Pharmacists must continue to minimize the convenience gap between physician and pharmacy.
Nicholas Benedict, MBA
Approximately 130 Americans die every day from an opioid overdose. Although this is mostly driven by illicit opiates like heroin and fentanyl, prescription opiates play a large role. One recent study suggests that 21% to 29% of patients who are prescribed opioids misuse them and 8% to 12% will develop a disorder. Almost all heroin users have a prior history of prescription opiate abuse.
Some pharmacists point to physician dispensing, the practice of doctors providing prescription medication directly to patients in the office instead of writing prescriptions to be filled at a pharmacy, as a driver of prescription opiate abuse. Is this true, or does it reflect the self-interest of pharmacists, who otherwise lose patients if they don’t require a pharmacy visit? What are the implications of physician dispensing on pharmacists?
Doctors who dispense in-office make money by doing so. There are no comprehensive studies that measure whether this incentive skews physician behavior, but many studies have shown that economic incentives impact the decisions some doctors make, including a recent case where doctors were successfully bribed to prescribe opioids to their patients. Another study shows that overprescribing is a major contributor to the opioid crisis. To be fair, these studies relate to opioid prescriptions generally, not to the specific impact of in-office dispensing.
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Another risk factor is that clinic staff may not have the training or tools to duplicate the pharmacists’ role in patient education or check for errors and interaction effects. One physician dispensing company advertises that it takes on average two minutes to dispense a prescription. This puts pressure on the doctor’s office to manage this process efficiently without sacrificing patient care.
It’s clear that pharmacists and pharmacy associations should be pushing for further research on the effects of physician dispensing incentives and strict in-office opioid dispensing regulations by state boards of pharmacy and staff training.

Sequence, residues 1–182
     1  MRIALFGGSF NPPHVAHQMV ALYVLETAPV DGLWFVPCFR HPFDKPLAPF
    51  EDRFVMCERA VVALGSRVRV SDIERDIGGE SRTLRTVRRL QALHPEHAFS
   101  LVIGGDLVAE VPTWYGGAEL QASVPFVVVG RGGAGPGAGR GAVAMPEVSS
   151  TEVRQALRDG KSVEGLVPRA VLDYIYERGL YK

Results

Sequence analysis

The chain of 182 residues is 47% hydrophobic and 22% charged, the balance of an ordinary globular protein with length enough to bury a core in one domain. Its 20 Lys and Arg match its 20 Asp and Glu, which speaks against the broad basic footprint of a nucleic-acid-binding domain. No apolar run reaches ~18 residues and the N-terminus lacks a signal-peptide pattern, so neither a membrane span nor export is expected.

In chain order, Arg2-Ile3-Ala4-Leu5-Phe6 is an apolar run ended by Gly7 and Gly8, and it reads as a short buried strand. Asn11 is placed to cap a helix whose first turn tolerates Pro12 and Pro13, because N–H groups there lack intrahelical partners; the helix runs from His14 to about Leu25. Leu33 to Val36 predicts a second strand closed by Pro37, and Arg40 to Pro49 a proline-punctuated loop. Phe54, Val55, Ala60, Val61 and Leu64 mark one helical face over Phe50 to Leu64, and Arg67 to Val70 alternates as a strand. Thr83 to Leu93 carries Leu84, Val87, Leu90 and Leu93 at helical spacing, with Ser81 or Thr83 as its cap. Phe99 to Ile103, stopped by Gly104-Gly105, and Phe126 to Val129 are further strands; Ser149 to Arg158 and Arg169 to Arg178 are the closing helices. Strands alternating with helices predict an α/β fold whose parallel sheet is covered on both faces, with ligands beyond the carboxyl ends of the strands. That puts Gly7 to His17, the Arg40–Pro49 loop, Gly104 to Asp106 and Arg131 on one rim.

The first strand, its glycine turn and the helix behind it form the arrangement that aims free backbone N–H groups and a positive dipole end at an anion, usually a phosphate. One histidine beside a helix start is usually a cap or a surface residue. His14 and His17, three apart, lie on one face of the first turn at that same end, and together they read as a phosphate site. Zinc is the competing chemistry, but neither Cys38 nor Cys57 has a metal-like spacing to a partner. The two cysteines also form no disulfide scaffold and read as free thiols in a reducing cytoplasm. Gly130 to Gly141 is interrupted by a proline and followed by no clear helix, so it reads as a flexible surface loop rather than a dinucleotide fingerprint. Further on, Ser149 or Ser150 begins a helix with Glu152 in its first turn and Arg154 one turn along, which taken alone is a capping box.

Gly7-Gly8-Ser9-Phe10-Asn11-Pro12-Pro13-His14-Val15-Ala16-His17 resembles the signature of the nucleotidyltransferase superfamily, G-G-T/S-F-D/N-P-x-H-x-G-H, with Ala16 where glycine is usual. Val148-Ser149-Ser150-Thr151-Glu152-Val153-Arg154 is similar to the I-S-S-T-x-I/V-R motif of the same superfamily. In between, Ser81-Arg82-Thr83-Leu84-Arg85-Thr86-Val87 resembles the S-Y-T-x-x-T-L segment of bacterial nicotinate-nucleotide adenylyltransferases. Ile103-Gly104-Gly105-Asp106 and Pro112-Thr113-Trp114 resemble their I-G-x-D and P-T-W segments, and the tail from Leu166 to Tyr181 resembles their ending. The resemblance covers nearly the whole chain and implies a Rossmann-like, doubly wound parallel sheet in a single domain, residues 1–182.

Pharmacists need to recognize and adapt to the benefits of physician dispensing. A review of recent primary prescription medication non-adherence studies shows that between 20% and 30% of prescriptions are never filled, which leads to 10% of all hospital visits and almost 125,000 unnecessary deaths per year. Physician dispensing companies point to the convenience as well as privacy benefits for patients receiving medication at the point of care, which by definition addresses primary nonadherence.
Patients often choose to pay more for in-office dispensing because of convenience. While pharmacies have improved convenience with processes such as digital refills and drive-through services, they must continue to innovate in this area.
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In addition, pharmacists must ensure they maintain their gold standard position for patient education and safety. For example, some proponents of in-office dispensing point to the drug naloxone, an opioid antagonist, but only 29% of pharmacies have this drug available and have correct information about its use. It can be argued that physicians know their patients better than pharmacists and can actively ensure that any at-risk patients receive naloxone, particularly if pharmacists are not dispensing it.
Physician dispensing is not going away given the benefits in combating primary medication nonadherence, but studies that look at the specific impact of physician dispensing are desperately needed, as are regulations that require training for in-office dispensing and restrictions around dispensing opioids. Pharmacies must continue to maintain best practices, hold onto their competitive advantage as champions of patient care and safety, and innovate to minimize the convenience gap between physician and pharmacy dispensing.